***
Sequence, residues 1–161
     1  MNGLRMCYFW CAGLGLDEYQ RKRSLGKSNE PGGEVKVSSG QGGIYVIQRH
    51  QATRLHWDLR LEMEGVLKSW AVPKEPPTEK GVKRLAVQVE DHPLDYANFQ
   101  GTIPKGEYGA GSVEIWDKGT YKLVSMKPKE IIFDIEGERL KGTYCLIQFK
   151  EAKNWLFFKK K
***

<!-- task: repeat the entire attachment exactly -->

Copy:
Sequence, residues 1–161
     1  MNGLRMCYFW CAGLGLDEYQ RKRSLGKSNE PGGEVKVSSG QGGIYVIQRH
    51  QATRLHWDLR LEMEGVLKSW AVPKEPPTEK GVKRLAVQVE DHPLDYANFQ
   101  GTIPKGEYGA GSVEIWDKGT YKLVSMKPKE IIFDIEGERL KGTYCLIQFK
   151  EAKNWLFFKK K